My name is Dan Gennari and I started this blog in January 2009 as a way to stay in touch with family and friends after being diagnosed with Stage 3 Hodgkins Lymphoma. Over the months of treatment that followed, I learned a lot from the blogs of other cancer survivors and frequently found comfort in reading about their experiences and recognizing that they were similar to my own. During those months I also re-discovered how much I enjoy writing. I had always written for fun as a creative outlet when I was younger, but a career and being a parent sidelined that hobby until this year. After a few months of chemotherapy, I transformed this site from a blog just about my cancer experience, to a story about all the aspects of life that I feel are worth writing about. That said, cancer remained, and still remains a major subject on the blog, as it has played a major role in my life. Here is the summarized version of my cancer story.
After being diagnosed with Hodgkins Lymphoma, I began chemotherapy for what was supposed to be a treatment protocol of 12 treatments (6 cycles) administered every other week. That was to be followed by approximately 4 weeks of radiation treatment administered 5 days per week. I mentally braced myself for this exact set of planned treatments and was ill prepared when unpredictable factors forced changes to be made. My first mid-treatment PET Scan showed a big improvement in the metastatic growth of the cancer, as it had resigned itself to only the large tumor in my chest. but that tumor had not shrunk as much as my doctor wanted it to. The doctor mentioned the possibility of extra chemotherapy at that time. Eight weeks later, he confirmed that possibility when the next PET scan again showed very little change in the size of the tumor and a continuance of live activity. I was very depressed to get this news, but figured I had no other choice. In those final eight weeks, I developed peripheral neuropathy caused by the Vinblastine in my chemo cocktail. It affected me by causing a numb tingling feeling in my hands and feet, much like when one of your extremities “goes to sleep,” except it persisted all the time. A final PET scan in September 2009 showed the same progress as before…the tumor had shrunk by less then half a centimeter in diameter and was still lighting up on the scan as an active cancer cell community.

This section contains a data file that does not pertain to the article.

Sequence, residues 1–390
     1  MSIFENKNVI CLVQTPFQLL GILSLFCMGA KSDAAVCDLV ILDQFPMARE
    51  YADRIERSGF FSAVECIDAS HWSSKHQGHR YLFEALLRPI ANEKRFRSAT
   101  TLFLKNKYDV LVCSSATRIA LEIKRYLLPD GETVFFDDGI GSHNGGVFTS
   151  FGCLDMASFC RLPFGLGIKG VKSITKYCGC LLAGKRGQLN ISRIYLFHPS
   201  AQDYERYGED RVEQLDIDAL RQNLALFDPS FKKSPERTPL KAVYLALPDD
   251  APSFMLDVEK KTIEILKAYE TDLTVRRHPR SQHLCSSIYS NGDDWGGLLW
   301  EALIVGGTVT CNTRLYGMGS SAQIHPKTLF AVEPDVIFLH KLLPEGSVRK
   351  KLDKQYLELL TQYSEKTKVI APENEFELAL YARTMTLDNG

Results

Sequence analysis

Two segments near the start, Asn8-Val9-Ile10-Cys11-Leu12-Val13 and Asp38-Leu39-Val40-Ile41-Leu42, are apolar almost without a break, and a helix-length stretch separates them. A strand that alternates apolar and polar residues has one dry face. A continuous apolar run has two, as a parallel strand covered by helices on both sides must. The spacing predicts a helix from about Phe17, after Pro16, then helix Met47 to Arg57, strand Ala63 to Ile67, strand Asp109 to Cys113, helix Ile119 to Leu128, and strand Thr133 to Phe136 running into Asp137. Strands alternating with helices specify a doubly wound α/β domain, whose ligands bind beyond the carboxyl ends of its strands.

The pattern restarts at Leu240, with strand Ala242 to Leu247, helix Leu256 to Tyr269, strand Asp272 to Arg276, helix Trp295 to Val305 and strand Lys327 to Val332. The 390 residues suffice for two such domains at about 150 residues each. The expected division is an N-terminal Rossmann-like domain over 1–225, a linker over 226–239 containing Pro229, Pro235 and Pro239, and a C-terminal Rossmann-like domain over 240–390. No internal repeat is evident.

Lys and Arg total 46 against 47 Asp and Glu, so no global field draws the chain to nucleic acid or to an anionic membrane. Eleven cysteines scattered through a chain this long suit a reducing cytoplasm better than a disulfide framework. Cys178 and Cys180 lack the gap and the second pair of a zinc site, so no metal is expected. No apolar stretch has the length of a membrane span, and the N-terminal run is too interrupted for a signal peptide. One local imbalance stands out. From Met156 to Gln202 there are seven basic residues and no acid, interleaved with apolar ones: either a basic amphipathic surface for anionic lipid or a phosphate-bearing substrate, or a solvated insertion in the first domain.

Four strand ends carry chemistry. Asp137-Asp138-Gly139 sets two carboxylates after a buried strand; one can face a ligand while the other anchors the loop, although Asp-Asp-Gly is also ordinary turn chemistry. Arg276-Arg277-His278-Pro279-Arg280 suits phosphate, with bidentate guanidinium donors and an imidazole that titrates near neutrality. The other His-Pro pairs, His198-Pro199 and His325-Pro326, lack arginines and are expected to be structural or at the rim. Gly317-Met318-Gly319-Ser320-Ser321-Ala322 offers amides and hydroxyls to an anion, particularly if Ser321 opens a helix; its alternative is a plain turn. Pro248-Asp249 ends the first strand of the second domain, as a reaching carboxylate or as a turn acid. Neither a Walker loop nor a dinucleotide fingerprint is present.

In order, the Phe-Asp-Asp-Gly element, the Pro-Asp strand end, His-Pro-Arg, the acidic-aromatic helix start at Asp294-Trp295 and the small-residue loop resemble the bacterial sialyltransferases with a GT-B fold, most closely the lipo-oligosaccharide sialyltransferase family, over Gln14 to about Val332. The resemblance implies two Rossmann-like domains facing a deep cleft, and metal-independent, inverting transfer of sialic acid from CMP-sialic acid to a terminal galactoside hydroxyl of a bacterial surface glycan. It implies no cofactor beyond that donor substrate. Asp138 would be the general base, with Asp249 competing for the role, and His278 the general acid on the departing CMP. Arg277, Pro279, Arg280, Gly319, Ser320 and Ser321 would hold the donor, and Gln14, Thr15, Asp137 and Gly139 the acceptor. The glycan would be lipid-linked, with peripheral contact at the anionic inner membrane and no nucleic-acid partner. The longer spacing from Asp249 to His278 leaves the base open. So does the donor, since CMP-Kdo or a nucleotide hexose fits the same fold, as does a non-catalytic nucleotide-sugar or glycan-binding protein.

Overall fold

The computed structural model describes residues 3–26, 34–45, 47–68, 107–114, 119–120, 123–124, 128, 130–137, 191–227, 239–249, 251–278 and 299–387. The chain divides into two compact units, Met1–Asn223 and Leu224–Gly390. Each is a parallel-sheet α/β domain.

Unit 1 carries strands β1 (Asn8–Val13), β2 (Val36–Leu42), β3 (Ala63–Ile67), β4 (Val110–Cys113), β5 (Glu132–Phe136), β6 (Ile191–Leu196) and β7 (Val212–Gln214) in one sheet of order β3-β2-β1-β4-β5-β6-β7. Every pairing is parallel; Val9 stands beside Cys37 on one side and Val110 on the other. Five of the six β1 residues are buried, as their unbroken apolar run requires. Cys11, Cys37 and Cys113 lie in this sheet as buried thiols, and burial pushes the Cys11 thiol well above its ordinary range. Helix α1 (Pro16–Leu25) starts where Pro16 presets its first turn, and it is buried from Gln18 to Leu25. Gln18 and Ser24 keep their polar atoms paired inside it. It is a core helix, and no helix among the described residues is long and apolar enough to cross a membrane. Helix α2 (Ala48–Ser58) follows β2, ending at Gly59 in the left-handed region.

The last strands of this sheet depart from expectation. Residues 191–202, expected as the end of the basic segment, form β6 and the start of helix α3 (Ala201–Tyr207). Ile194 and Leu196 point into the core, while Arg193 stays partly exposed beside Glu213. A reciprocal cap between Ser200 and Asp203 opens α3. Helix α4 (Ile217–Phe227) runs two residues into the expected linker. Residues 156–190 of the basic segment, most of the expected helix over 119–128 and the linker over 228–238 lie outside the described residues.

Instead of getting the radiation I had thought I would get, it was recommended at this point that I pursue a bone marrow transplant instead. I sought out an uber specialist in this type of treatment at Emory University and she wanted to take a step back and biopsy the tumor to make sure that we were in fact dealing with Hodgkins Lymphoma. They biopsied four separate pieces of tissue and could not find any sign of active cancer cells in any of them. At that point, she recommended that we wait a few months and repeat the PET scan to see if the cancer really is dead, or if it starts growing back. This summary makes the time between then end of chemo and the final recommendation from the oncologist seem simple, but in fact, it was two and a half months of non-stop guess work, worrying, testing, consultations, and traveling back and forth to different cancer centers. The chemo was the hardest physical element to deal with, but all the back and forth and weeks of uncertainty during this time of researching options for the bone marrow transplant were far more stressful.
It was during that time that I started to identify some of the deeper feelings I have about cancer and how I want to get more involved with the cancer support community. Prior to the BMT prep time, I was just trying to plod through the chemo and intended to get that part of life over with and never look back. But I now realize that the problems I faced are not singular, and they are not easy and not everyone has a complete support network like I did to get them through it. In fact, not everyone does get through it. Cancer comes with unexpected twists and turns and I have known people who experienced unexpected problems in their cancer treatment and ultimately died. I realized that there was not much more than fate between those instances and my own mortality, and realized that I seem to have been spared the most horrific and painful elements of cancer treatments, and for that I am incredibly grateful and wish to contribute in some way back to the community of survivors.